'Anti-French racism' campaign uses Russian face
A youth group in France’s far-right National Front party launched a drive this week to highlight what they see as the growth of anti-French racism – but chose a non-French-speaking Russian model to be the face of the campaign.
France’s extreme right National Front appears to have left itself open to ridicule after its youth movement’s latest campaign aimed at highlighting anti-French racism.
The poster campaign by the National Front youth group (le Front National de la jeunesse, or FNJ) features the face of a woman painted in the colours of the French flag. She is pictured with mouth wide open as if addressing a crowd of cheering, tricolour-waving supporters.
Above her face is the campaign slogan, “Enough of anti-French racism, This is our home!”.
But France is not her home. The face chosen to represent the youth movement’s campaign is, in fact, a Russian model from St. Petersburg, who apparently speaks not a word of French.
The irony appears to have been lost on the director of the FNJ, Julien Rochedy, who has rejected the idea that there is any cause for controversy in the campaign.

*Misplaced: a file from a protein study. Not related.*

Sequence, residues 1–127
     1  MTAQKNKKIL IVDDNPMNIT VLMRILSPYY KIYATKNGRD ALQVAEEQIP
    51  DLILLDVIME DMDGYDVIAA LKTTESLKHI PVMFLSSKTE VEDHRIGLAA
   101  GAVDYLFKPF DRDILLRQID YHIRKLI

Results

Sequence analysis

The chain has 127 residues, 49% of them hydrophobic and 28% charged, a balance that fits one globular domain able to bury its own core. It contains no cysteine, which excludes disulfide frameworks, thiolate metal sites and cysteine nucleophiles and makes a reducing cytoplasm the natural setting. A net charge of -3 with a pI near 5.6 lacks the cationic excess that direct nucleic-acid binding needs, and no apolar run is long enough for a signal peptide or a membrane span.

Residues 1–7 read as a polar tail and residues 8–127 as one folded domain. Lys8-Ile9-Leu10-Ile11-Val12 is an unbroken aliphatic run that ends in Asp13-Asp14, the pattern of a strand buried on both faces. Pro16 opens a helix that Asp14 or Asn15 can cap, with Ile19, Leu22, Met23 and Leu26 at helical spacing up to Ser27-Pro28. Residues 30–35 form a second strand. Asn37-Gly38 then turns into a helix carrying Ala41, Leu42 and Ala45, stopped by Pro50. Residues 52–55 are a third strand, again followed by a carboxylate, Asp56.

'Nobody cares where she is from'
“We knew all along that this woman was from Russia, but nobody cares,” Rochedy told French daily Le Figaro.
“What is important is that her facial expression corresponds with our slogan. People are not bothered about her origin, she could quite easily be French,” said Rochedy.
The inconsistency was discovered by Mouloud Achour, who works on the daily TV show “Le Grand Journal”. Achour found the woman on Facebook, where her profile said she spoke Russian and English but not French.
It appears the FNJ bought one of the model’s photos, before superimposing the colours of the French Tricolour as well as photoshopping out an ear piercing.
As well as the poster campaign, the FNJ’s drive to highlight what they see as anti-French racism features online videos with three young people who claim to have been victims of discrimination on the grounds of their nationality.
It is not the first time a campaign by the ultra nationalist far-right party has left it open to accusations of double standards.
During Marine Le Pen’s presidential election campaign, at a time when the candidates were evoking the protectionist values of “Made in France” products, the French media revealed that the T-shirts worn by her supporters daubed with the words “Marine’s boys” were actually made in Bangladesh.
The subject of anti-French racism is not just the domain of the far right.
During the campaign to succeed Nicolas Sarkozy as head of France’s conservative UMP party last month, candidate François Copé stirred up a hornet’s nest when he complained of the growth of “anti-white racism” in certain neighbourhoods across French cities.